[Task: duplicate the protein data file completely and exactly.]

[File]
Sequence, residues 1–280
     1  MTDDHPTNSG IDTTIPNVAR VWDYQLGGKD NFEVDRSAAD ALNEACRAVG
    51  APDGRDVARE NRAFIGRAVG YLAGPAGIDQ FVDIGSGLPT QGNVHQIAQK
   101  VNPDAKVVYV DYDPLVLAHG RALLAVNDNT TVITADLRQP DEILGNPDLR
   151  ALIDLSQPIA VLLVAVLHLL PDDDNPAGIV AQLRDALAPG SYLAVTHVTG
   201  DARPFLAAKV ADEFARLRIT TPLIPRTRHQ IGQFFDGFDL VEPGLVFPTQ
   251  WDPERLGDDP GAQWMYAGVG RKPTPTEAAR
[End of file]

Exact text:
Sequence, residues 1–280
     1  MTDDHPTNSG IDTTIPNVAR VWDYQLGGKD NFEVDRSAAD ALNEACRAVG
    51  APDGRDVARE NRAFIGRAVG YLAGPAGIDQ FVDIGSGLPT QGNVHQIAQK
   101  VNPDAKVVYV DYDPLVLAHG RALLAVNDNT TVITADLRQP DEILGNPDLR
   151  ALIDLSQPIA VLLVAVLHLL PDDDNPAGIV AQLRDALAPG SYLAVTHVTG
   201  DARPFLAAKV ADEFARLRIT TPLIPRTRHQ IGQFFDGFDL VEPGLVFPTQ
   251  WDPERLGDDP GAQWMYAGVG RKPTPTEAAR